Twenty more minutes of mud and we arrived at our destination. The business we had come to see after was taken care of rather quickly; so after buying each of us a little snack, I took my sisters to see the newest development in the community. Sitting down on the new bridge to eat our snacks under the cool shade of the nearby mango tree, I shared with my sisters the story of the bridge we now sat on. The sidewalks had been there but the bridge had been missing; and so for years everyone passing through had to get off the sidewalk and go through the mud hole across sticks and logs they had put in place, to get to the next section of sidewalk. It was a huge inconvenience, especially at harvest time as the heavy bags of rice and beans were all carried this way. But a few months earlier the ministry had donated enough gas and nails to build a bridge. The community pitched in and each family sold a few pounds of beans to pay someone with a chainsaw to cut the lumber, then coming together for a community workday they had erected this sturdy much needed bridge. They had put their time and effort in and it had been worth it: They constantly thanked us hardily making sure we knew that they appreciated the help that had been provided through the ministry.  Our conversation soon drifted to other aspects of ministry and what God had been teaching us each individually, but all to soon the sun began rotating its way westward, breaking up our conversation and encouraging us to make the trek back home. We took it slow, playing around at and taking photos at the huge tree where the path went right underneath and between the roots, but eventually we found ourselves again at the little creek hoping to make it across the little bamboo without going in. Someone had moved the little makeshift bridge to a little different place causing it to be at a slant. Not taking note of this I accepted the pole cut by our friend Makin who had caught up with us on the trail, and attempted my crossing. The bamboo being at a slant I took only a few steps before plunging into the water. “No big deal,” I thought to myself, “I’ll just have to walk home in soggy clothes.” Our friend Makin cut another pole ensuring that the rest wouldn’t join me and all made it across without incident. I swam to the other side, but as I got out of the water I realized I was missing something: When plunging into the water “with little grace” my half sized machete had been flung out of its sheath on my side. Makin joined in the search, but half an hour later after finding nothing I told him we should give up and go home. Not willing to give up yet Makin made one last dive into the water and came up with a big smile on his face and my machete in his hand. “How did you manage to find it?” I asked him. “There was still one place I hadn’t looked,” he said handing the machete to me. I thanked him numerous times and he assured me it wasn’t any trouble. “What would we do without our friend Makin?” I asked Eva with a wink as we watched the old man walk off. In our first encounter with this strange man we had nicknamed him Angel Man; since that day many things had changed, but our friend never quit his many acts of kindness toward us.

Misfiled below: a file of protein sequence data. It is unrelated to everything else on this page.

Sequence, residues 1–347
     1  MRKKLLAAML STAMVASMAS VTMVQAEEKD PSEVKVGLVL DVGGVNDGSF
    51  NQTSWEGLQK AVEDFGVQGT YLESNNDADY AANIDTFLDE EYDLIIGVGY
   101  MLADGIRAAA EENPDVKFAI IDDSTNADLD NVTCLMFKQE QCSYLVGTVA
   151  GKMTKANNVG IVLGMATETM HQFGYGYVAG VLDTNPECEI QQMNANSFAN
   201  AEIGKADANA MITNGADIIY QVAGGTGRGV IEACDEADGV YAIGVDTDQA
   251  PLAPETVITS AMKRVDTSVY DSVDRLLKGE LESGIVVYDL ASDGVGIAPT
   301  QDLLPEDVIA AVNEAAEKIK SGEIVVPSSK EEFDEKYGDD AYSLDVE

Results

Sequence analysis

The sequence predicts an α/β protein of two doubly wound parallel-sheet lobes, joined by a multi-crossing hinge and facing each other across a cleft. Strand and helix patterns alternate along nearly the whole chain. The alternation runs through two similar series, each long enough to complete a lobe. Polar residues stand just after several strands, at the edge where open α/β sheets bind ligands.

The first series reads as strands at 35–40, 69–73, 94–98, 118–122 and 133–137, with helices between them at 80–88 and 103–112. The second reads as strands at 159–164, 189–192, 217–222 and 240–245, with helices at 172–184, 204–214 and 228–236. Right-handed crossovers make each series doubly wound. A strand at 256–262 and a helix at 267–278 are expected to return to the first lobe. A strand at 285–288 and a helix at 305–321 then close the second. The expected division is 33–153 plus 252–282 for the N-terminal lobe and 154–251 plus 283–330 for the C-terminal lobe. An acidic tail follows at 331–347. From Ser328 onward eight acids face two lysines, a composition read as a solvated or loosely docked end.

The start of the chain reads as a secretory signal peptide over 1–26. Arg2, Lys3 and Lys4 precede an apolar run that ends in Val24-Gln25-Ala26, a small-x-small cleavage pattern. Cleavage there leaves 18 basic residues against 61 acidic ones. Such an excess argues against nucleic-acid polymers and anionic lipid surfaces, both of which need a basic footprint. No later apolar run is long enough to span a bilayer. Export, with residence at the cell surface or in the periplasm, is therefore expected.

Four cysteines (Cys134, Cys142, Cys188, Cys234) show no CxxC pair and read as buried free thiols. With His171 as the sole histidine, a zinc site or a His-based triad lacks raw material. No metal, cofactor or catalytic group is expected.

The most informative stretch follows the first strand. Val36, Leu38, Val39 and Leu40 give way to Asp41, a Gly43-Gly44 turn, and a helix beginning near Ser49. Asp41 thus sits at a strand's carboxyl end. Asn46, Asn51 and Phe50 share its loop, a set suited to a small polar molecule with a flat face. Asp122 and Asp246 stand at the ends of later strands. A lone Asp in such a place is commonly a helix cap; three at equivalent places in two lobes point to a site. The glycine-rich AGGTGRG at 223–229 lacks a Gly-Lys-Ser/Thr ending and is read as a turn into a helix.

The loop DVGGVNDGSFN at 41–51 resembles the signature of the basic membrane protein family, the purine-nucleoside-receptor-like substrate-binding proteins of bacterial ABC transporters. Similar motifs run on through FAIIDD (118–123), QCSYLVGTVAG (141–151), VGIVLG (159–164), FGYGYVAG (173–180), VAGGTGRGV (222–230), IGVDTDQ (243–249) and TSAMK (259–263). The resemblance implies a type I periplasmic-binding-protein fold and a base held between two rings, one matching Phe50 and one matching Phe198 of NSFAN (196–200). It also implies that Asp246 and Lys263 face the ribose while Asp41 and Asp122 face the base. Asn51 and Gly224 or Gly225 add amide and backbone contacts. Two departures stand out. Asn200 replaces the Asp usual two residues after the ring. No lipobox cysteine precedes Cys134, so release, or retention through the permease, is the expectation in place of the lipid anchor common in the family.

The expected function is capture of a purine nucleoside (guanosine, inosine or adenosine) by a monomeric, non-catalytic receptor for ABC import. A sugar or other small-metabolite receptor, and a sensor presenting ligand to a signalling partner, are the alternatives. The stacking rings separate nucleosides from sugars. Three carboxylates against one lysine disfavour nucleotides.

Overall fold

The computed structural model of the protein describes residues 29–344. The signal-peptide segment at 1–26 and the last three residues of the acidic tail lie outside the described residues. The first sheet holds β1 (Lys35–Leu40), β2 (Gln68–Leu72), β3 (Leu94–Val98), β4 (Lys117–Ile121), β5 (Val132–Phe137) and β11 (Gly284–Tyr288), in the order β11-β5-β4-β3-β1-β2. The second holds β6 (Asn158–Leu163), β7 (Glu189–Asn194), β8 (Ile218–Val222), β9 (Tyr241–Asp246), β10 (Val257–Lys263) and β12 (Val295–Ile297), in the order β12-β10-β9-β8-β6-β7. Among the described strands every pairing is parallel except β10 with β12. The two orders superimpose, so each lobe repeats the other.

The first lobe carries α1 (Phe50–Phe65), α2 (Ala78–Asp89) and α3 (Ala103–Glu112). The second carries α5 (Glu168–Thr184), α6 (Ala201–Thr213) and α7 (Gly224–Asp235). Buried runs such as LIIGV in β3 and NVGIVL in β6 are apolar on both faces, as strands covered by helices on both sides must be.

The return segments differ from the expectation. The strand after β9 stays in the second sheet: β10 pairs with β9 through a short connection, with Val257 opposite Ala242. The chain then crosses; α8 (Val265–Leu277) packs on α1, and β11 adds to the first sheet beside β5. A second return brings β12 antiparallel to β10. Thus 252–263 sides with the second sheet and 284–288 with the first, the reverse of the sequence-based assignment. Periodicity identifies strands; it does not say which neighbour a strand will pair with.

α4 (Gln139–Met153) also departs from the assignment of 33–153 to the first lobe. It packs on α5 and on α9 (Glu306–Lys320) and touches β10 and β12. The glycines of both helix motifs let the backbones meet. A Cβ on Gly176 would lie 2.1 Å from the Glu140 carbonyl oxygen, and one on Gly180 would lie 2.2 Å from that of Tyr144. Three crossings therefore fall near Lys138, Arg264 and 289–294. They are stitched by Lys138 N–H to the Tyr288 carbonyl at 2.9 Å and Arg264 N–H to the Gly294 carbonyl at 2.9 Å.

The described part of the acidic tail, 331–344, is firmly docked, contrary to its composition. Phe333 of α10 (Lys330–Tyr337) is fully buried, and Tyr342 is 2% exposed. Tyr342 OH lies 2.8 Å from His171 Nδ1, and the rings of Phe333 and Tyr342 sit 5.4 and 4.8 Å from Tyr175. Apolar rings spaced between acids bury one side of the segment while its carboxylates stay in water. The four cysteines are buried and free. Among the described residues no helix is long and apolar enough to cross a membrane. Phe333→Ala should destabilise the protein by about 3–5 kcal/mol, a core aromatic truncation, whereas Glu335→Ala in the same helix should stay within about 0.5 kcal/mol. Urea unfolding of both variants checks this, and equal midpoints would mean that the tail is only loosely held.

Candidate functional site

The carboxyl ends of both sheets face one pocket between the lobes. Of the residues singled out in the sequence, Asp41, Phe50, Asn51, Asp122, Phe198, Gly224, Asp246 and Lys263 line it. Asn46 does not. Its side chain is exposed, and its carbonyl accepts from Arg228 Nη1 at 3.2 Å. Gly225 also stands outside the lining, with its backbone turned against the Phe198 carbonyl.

A few months later I found myself again at this location wanting to cross the creek, but this time I didn’t have to worry that I would fall into the creek. The two communities had joined together and put a large log across the creek spanning from one bank to the other. Excited I assumed this bridge would surely last as it was high above the water and wouldn’t be washed away by the rising of the creek. Katie and Derlin and Namahka-Pilhpilia bridge

But my hopes were dashed as only a week later the bridge had been washed away when the water had risen, and I had to swim across the creek with my heavy jeans and boots.

The two communities had tried their best, but their efforts had failed. The sick and elderly once again wouldn’t be able to cross to get to the closest clinic. The wheels in my head began turning: Something could be done. Both villages had shown interest in making the situation better and would surely be willing to put their time into building a bridge if materials could be supplied. So after much thought we are considering building a 120 feet cement and cable bridge that wouldn’t wash away when the creek rises. If anyone is interested in helping fund supplies for this bridge you can contact us for more information.

In Christ, Sarah Lee

Leave a Reply

Your email address will not be published. Required fields are marked *